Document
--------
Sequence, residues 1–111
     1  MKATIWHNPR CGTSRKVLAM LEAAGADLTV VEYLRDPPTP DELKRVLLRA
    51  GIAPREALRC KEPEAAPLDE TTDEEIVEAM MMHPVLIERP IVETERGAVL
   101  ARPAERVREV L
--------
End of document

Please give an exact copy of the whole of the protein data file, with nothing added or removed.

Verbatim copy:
Sequence, residues 1–111
     1  MKATIWHNPR CGTSRKVLAM LEAAGADLTV VEYLRDPPTP DELKRVLLRA
    51  GIAPREALRC KEPEAAPLDE TTDEEIVEAM MMHPVLIERP IVETERGAVL
   101  ARPAERVREV L